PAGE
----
Researchers from the University of Bristol say that some regularly prescribed cholesterol drugs, including Pravachol, could cause memory impairment.
The study was published earlier this month in the medical journal PLOS One, finding that rats given Pravachol regularly were less able to distinguish between familiar items and new, novel items over time, while those given the cholesterol drug Lipitor showed no signs of impairment. Once the researchers stopped giving Pravachol to the rats, their ability to discriminate between new and old objects returned.
While the study was conducted on rodents, the concerns over memory impairment came from actual clinical observations being reported by doctors who placed their patients on cholesterol drugs known as statins.
Statins are among the best-selling drugs in the United States, with about $14.5 billion in combined sales each year. The drugs use the liver to block the body’s creation of cholesterol, a key contributor to coronary artery disease. The most successful statin on the market is Pfizer’s blockbuster drug Lipitor, but there are numerous other statins for sale in the U.S. and worldwide as well, including Crestor, Zocor, Simcor, Vytorin and others.
Researchers gave the rats either Pravachol or Lipitor for 18 days. They were tested before and after being given the drugs on their ability to remember an object they had encountered on previous occasions. Rats given Pravachol appeared to lose the ability to distinquish familiar objects from novel ones. No such effects were observed in the rats given Lipitor. Once the rats were removed from Pravachol treatment, their cognitive abilities returned.
The fact that the rats given Pravachol recovered their cognitive abilities just days after being removed from the treatment is a strong indicator of a causal effect. However, numerous studies regarding statins and cognitive function in humans and animals have given varied results over the years, the researchers acknowledge.
“The mechanism by which statins might worsen cognitive function is unknown, but one of the prevailing hypotheses focuses on the role of cholesterol in the brain. Since cholesterol plays a fundamental role in the myelination of neurons, it has been proposed that excessive inhibition of cholesterol synthesis could lead to adverse cognitive effects,” the researchers reported. “Our data suggest that more detailed, pre-clinical studies to investigate different types of statins and cognitive function, including a wider range of doses of the drugs tested here, would be useful in determining the mechanisms involved and relative risks associated with different statin treatments.”
Pravachol (pravastatin) is a cholesterol drug by Bristol Myer Squibb. It was first approved for sale in the U.S. by the FDA in 1991. In 2005, generic versions of pravastatin became available.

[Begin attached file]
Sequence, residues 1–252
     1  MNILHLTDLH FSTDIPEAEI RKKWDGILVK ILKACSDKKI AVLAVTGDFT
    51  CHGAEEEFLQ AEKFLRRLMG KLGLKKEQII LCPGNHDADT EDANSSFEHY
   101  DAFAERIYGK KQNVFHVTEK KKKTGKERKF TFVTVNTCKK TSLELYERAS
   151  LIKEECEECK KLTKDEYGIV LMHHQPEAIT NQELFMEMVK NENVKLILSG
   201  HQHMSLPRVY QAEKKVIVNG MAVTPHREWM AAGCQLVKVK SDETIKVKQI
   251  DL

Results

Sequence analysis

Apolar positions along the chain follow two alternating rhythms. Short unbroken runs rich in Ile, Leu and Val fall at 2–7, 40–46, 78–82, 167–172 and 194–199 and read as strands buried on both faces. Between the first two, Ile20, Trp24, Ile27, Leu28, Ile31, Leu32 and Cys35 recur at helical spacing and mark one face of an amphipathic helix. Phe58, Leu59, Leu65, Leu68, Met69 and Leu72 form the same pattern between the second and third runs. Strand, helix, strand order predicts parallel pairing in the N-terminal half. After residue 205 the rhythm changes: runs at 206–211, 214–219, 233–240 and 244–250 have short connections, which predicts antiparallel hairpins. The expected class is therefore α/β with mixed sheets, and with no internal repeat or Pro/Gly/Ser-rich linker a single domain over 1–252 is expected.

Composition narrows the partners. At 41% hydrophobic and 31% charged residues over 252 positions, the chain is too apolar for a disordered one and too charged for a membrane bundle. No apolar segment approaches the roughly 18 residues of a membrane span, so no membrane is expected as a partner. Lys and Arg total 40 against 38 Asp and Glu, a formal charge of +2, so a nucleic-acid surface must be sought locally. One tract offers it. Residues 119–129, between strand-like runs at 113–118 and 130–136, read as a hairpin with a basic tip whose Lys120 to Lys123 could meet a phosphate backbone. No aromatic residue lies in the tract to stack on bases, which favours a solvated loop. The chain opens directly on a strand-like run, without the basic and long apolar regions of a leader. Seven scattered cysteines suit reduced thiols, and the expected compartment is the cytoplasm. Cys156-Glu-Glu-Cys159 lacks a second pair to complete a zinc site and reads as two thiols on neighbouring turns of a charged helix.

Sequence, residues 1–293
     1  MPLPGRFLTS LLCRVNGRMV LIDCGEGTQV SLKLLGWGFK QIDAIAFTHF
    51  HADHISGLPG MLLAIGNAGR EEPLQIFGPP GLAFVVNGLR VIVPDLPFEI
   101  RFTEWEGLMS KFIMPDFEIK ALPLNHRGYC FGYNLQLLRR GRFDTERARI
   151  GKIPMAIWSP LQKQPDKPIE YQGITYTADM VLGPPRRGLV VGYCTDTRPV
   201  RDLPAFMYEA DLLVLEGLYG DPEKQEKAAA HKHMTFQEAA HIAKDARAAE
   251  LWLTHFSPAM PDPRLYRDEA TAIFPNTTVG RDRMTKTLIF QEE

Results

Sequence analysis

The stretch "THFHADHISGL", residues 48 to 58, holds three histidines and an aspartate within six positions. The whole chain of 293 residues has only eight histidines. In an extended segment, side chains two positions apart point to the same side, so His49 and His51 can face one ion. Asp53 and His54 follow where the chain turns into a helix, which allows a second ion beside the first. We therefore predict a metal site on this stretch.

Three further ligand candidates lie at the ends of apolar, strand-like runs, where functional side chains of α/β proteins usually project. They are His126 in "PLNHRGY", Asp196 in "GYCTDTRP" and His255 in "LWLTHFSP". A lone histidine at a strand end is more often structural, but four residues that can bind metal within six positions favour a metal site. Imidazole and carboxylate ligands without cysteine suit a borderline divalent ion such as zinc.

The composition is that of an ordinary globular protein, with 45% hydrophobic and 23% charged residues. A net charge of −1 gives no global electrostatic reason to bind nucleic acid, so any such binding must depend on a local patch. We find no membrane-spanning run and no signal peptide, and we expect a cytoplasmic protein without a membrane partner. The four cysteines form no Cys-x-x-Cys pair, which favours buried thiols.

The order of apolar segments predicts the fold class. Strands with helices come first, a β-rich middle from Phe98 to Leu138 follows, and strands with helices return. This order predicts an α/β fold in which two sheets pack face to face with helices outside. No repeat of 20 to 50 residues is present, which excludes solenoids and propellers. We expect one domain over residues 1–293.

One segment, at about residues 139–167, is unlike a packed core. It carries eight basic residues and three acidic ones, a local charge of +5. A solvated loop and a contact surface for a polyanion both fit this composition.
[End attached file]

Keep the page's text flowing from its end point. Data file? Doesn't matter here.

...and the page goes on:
Lipitor (atorvastatin) is one of the most widely used brand-name medications in the United States, with millions of Americans taking the medication to help lower cholesterol and improve their health. Before it became available as a generic in 2011, Pfizer generated more than $125 billion in Lipitor sales.
Statin Health Concerns
Concerns about side effects of Lipitor and other statins resulted in new warnings in February 2012 about the risk of diabetes and changes to blood glucose levels after taking the medications.
A growing number of women nationwide are now pursuing a Lipitor diabetes lawsuit against Pfizer, alleging that they developed type 2 diabetes after taking the drug for long periods of time. Plaintiffs allege that Pfizer withheld information about the risk of diabetes from Lipitor side effects, particularly among women with a BMI under 30, who do not have other risk factors for the disease.
Statins have also been linked to a potential risk of muscle injury, known as myopathy. The most severe form of the muscle damage is rhabdomyolysis, which may lead to severe kidney damage, kidney failure and death. All statins currently contain a warning that myopathy and rhabdomyolysis are rare possible side effects.
Rhabdomyolysis causes muscle fibers to begin to break down, releasing a protein called myoglobin, which can damage the kidneys as they attempt to filter it out of the bloodstream. Symptoms of rhabdomyolysis include muscle cramps, tenderness, stiffness, pain or spasms. The illness is usually reported in patients over 65 years of age or those who have renal impairment or uncontrolled hypothyroidism.
A study published earlier this year in JAMA Internal Medicine determined that those statin prescriptions are often unnecessary and may put patients at needless risk of statin side effects, including muscle damage and increased diabetes risk.
In 2002 and 2008, the FDA issued warnings about the increased risk of rhabdomylosis when statins are used in combination with heart medication containing amiodarone. In 2001, the statin-based drug Baycol was removed from the market due to its links with rhabdomyolysis.
In June 2011, the FDA placed restrictions on the use of 80 mg Zocor, which could include twice-a-day 40mg doses, due to the risk of myopathy and rhabdomyolysis, warning doctors that no new patients should be placed on the high dose regimen due to the risk of muscle problems.